NOTE: With HDR photography the smaller the aperture (f/8.0 – f/22) the better… in most circumstances.  The tonemapping process tends to create a lot of noise in images with a tight depth of field.  The blurred portions of the image tend to get really gritty.  It can be easily fixed with a slight blur or a noise correction during post processing, but if you wanted the whole image sharp, forget about it a f/2.8.

So how can I keep the shutter speed in control when I adjust my aperture?

The answer is in the ISO!  ISO is the speed of the film recording the image.  Blake, I am not using film, wtf mate? I know you aren’t using film, this is a digital world, duh!  It is an old world term that stuck around from the film days and is most commonly referred to as ISO, International Organization for Standardization. In the old manual film days, a roll of film had a set speed and you could not control it unless you put a faster or slower roll of film in the camera, in the digital world you can change it on the fly!  The lower the ISO (i.e 100) the slower the film.  This produces extremely high quality images free of noise, however, it is difficult to use ISO 100 in certain lighting situations (indoors for instance). The more you increase the ISO the faster the shutter fires, but you start to invite image noise!  Those purple, green, brown, and yellow dots that start to reproduce all over your images.  With older DSLR cameras you start to notice unacceptable noise at around 3200-6400 ISO.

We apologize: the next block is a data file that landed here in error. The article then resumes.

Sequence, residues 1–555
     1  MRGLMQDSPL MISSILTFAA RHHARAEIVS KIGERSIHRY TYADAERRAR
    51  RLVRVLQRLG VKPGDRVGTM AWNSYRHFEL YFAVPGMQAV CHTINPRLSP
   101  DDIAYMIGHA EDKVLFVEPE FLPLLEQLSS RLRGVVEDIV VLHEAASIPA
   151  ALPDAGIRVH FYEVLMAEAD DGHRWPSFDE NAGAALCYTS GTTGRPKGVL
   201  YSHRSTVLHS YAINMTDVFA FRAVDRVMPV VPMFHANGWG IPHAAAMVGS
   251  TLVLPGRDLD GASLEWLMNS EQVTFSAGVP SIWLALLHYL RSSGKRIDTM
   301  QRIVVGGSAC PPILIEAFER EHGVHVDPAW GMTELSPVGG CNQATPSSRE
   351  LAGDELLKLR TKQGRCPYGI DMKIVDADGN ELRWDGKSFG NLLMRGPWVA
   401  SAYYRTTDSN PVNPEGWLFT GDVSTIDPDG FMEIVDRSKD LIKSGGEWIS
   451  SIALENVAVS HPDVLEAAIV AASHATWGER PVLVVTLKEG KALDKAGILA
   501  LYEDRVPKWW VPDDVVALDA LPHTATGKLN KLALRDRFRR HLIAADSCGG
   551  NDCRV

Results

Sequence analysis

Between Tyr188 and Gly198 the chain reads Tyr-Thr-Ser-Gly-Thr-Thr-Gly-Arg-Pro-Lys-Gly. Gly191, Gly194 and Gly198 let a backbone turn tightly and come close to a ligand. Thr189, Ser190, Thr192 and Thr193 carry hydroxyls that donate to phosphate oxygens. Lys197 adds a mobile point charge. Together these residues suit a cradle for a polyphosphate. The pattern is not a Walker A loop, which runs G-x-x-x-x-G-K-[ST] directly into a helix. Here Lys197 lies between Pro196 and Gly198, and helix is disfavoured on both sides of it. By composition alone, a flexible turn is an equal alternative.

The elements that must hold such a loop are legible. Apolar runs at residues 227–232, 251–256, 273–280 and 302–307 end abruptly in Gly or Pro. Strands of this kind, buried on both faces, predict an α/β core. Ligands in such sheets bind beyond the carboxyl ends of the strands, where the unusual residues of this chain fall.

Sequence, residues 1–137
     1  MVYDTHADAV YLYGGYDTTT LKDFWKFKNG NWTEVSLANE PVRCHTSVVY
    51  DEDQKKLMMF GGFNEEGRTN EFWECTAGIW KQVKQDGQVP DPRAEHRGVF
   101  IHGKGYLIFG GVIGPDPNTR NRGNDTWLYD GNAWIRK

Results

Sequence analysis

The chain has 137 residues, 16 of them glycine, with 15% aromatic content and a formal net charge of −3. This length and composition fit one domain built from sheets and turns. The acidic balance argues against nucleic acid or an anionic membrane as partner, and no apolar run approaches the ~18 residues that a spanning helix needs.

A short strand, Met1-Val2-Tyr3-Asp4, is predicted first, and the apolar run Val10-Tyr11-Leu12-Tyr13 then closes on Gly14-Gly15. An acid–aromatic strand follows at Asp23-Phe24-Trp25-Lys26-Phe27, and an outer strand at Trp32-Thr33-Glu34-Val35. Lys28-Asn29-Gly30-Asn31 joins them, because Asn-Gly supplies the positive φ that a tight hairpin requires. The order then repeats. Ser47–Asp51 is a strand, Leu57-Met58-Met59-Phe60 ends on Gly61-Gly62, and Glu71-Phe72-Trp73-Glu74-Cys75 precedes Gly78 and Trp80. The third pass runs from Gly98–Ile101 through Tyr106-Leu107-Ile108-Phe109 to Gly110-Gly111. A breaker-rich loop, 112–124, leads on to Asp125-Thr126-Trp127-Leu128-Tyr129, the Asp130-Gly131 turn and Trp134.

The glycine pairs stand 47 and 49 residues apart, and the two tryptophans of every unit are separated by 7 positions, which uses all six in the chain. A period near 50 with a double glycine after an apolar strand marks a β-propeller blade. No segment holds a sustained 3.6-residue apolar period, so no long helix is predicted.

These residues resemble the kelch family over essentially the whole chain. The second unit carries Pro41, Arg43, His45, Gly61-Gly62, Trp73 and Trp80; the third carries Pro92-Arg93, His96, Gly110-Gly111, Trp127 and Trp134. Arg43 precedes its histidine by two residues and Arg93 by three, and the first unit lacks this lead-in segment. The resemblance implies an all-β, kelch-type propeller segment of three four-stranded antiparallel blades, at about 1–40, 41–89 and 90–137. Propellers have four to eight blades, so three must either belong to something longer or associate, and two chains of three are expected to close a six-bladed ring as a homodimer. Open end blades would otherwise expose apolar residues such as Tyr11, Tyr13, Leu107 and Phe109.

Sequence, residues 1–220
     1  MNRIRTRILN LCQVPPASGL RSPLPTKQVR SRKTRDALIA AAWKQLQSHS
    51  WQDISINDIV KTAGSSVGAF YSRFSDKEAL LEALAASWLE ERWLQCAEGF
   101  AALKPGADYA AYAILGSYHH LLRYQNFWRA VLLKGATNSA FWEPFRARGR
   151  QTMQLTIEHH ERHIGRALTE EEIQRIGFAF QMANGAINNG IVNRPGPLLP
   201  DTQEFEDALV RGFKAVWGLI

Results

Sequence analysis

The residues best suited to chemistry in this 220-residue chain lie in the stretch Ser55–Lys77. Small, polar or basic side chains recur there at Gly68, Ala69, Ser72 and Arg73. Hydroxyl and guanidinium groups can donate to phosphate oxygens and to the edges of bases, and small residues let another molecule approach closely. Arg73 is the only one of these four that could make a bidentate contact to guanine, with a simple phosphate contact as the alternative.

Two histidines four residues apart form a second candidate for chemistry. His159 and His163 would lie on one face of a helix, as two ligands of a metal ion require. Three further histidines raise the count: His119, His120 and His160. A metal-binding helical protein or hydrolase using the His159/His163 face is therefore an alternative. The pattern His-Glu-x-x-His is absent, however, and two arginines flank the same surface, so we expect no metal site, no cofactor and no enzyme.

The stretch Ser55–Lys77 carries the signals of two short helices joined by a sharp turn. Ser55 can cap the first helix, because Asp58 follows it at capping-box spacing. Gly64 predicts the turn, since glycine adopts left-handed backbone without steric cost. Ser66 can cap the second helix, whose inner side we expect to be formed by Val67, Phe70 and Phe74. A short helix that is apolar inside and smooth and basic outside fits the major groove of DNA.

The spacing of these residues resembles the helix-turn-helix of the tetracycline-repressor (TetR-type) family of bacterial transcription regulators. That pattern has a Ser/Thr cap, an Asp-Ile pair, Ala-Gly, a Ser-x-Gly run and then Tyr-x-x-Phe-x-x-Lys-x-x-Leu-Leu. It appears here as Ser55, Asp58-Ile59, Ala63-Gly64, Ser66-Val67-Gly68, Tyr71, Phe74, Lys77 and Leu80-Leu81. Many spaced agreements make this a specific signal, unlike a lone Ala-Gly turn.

I ran an experiment to chart out how increasing the ISO effects the shutter speed @ f/2.8.  The lighting circumstances have not changed, I am still in my dismally lit office.  Keep in mind, if you go outdoors the Exposure Values will drastically increase as the ISO increases due to the flooding light of the sun.   The chart is simply an example, due to the unfathomable amount of lighting scenarios the Exposure Values will change.

As my experience with high ISO’s is very limited, I received a good bit of information from my friend Noelle from Femina Photo+Design .  Noelle says, As a wedding photographer there is an absolute need for higher ISOs.  Nikon has really mastered the noise reduction and I am amazed at what you can shoot at well over 6400 with little to no noise (on the high end D3 series that is).

In Conclusion

You are now pretty well versed in how your Aperture, Exposure Values, and ISO’s work.  In is not as intimidating as it looks with a little bit of explanation.  With your knowledge of exposures you should now be comfortable with Aperture Priority Mode on your camera.  AP mode is great because all you do is tell the camera your desired aperture and it selects the best shutter speed for the lighting environment.  All you need to do now is control your ISO and you are good to go, if you are outside make your ISO low, if you are inside a higher ISO will help you take pictures without motion blur or the use of a flash, but as I said before Higher ISO’s could also invite noise to the party…unless you own a high end Nikon D3!

Blake Rudis
f.64 Academy and f.64 Elite are the brainchildren of Blake Rudis. While he is a landscape photographer, he is most passionate about post-processing images in Photoshop and mentoring others.

For Blake, it's all about the art and process synergy. He dives deep into complex topics and makes them easy to understand through his outside-the-box thinking so that you can use these tricks in your workflow today!
Blake Rudis on EmailBlake Rudis on FacebookBlake Rudis on InstagramBlake Rudis on PinterestBlake Rudis on TwitterBlake Rudis on Youtube